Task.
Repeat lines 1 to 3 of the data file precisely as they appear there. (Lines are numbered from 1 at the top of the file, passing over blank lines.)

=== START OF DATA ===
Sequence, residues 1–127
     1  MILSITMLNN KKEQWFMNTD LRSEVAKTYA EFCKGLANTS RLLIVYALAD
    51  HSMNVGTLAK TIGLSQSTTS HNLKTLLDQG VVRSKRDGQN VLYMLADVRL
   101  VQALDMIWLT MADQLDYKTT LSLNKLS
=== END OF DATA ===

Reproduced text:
Sequence, residues 1–127
     1  MILSITMLNN KKEQWFMNTD LRSEVAKTYA EFCKGLANTS RLLIVYALAD
    51  HSMNVGTLAK TIGLSQSTTS HNLKTLLDQG VVRSKRDGQN VLYMLADVRL